iOS packs some pretty nice features

iOS packs some pretty nice features

Features

With the release of iOS 5, Apple added many features to the OS. When I've asked people about their favorites, many point to iMessage and the new notification center. Some have even implored me to share them with you. The problem with that is that these aren't unique to iOS; Notification center has been on Android's since day one and Blackberry Messenger beat iMessage to the table. So while these are excellent features, they aren't Apple exclusives or Apple perfected; though iMessage is arguably more useful than BBM. Apple does provide some excellent features within their OS that are entirely there own however; like awesome picture utilities, iTunes and Game Center.

Before we launch into this, I feel I should mention iCloud. Cloud storage is not an Apple exclusive; but iCloud is the best implementation for your Apple devices. iCloud allows you to wirelessly and seamlessly sync you iPhone, iPod, iPad and Mac. If you take a picture on your iPhone, it gets pushed to the cloud. Then, it becomes available on your other Apple devices without you having to do anything. It's like magic; but if you read the cloud storage article you'll know it isn't. This is a very cool feature, but it's not revolutionary for Apple, so it gets mentioned here instead of it's own section.

Apple has long been the choice for creative professionals; graphics artists and such. While I contest the perceived necessity, there's no denying that Apple does try to provide value to these people. This has spilled over into iOS, with the introduction of photo enhancements. Apple took the normal mobile phone, point and shoot, experience one step further with a few enhancement options. With iOS 5, you can do things like crop, enhance, rotate and even remove red-eye from your photos, all on your phone. You don't have to take the picture and upload it to your computer to do these enhancements anymore; Apple includes them in the OS. You can also organize your pictures with albums on your phone; which is much better than having hundreds of random photos on your phone.

iTunes is a software package I don't have to introduce anyone to. It's been the de facto choice for music and media organization software on Macs and PCs for about ten years now. It is one of the easiest, if not the easiest, media library software out there. But the only way to use it to organize media for your phone is with the iPhone. And iOS brings that convenience to it's mobile devices too. iOS has, by far, the best music playing experience. On Android, many people are forced to download a third party media player to enjoy a modicum of the convenience iOS users have. Windows Phone has Zune, which is the next best thing, but I think people give a slight edge to iTunes.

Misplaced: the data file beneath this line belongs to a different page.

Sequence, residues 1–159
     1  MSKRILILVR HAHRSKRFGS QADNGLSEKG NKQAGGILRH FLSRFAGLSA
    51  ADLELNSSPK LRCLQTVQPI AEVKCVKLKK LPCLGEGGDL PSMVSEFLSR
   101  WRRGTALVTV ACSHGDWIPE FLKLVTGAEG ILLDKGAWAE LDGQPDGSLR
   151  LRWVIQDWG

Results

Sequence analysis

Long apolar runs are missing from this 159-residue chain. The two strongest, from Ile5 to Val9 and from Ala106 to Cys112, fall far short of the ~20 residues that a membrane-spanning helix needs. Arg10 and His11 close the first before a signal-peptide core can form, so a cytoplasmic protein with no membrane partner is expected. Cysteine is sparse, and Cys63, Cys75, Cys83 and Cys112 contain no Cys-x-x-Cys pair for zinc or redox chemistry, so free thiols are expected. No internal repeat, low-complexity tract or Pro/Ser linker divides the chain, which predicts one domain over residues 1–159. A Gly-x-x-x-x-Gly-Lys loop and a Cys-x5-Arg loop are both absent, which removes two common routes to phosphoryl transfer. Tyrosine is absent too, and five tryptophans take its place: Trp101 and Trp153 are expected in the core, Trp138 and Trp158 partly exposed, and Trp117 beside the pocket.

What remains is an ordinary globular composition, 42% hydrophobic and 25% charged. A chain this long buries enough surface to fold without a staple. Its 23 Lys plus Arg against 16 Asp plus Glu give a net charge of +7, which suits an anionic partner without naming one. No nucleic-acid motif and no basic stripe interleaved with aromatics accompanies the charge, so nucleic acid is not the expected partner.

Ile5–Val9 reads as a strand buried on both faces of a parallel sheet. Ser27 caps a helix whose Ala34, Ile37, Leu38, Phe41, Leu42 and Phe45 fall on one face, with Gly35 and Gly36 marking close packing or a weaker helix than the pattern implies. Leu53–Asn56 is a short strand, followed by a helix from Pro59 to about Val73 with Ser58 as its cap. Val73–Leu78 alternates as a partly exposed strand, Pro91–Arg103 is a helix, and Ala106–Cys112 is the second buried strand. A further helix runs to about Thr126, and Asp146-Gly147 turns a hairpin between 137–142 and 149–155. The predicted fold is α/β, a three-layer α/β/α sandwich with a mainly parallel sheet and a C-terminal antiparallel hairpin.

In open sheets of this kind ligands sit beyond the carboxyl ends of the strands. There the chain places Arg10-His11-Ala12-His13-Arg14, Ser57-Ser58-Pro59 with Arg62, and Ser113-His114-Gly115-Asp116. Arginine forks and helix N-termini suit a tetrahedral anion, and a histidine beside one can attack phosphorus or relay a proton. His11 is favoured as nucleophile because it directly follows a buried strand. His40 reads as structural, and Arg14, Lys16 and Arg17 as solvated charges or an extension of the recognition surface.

iOS devices also have access to Game Center; a social multiplayer game network. On other platforms, your gaming experience is a pretty solitary one. But with Game Center, Apple allows you to be a bit less introverted. You can invite friends or find random people to play your games with. If you're a gamer of any level, you know that gaming with others is much more fun than doing it alone. Game Center keeps leader boards and stats on it's players, so you can see exactly how you stack up with other players.

Siri

Siri is a game changer

Siri is a game changer

If you've been a fan for a while, you saw my write up on Vlingo, a pretty awesome personal assistant app. You might recall that the best implementation of this was on the Android platform. Apple saw the challenge thrown down by Vlingo and the Android built in voice commands; and they answered in a big way. Siri is an iOS 5 on iPhone 4S exclusive, but it has potential to be the best piece of mobile software in existence. That's right, Siri can be that good. Right now, Siri is in her infancy, and she shows it on occasion. It is still a great app to have currently, but in the next year I think it will be enough to single handedly sell iPhones. It has a pretty good library of commands and actions right now; but just wait until Apple begins allowing outside developers to add to it. Just picture the day when you can tell your phone to "Buy tickets to (insert movie) for Friday at 8:00 PM at (insert theater)" and it have your tickets ready at your local theater, when you arrive. Or maybe you're taking your spouse on an impromptu second honeymoon. You can just turn to Siri and say "Book two first class seats to (insert travel destination) for tomorrow morning. And book three nights in (insert hotel of your choice) Also, rent a (insert car type) for 3 days." When Apple opens up the API's, code needed to communicate with it's software, to developers, these are less fantasy and more reality. Siri can be a game changer, and I think it will be.

Wrap Up

There are a number of good reasons to go with iOS; I merely outlined my favorite parts of it. If you're one of the people that bought it "because it works"; that's fine too. But I'd recommend remembering some of these reasons, they go further in arguments. iOS is an excellent platform that has a reputation for being user friendly and stable. Apple changed the landscape of mobile devices when it released it's iPod, and then again with the iPhone. As we saw in the scenario at the top, iPhone isn't a success because it has the best hardware; iOS has the distinction of being the biggest reason for iPhone's success. Thanks for reading, and if I missed something you like about iOS, let me know, I'd love to add your opinions here.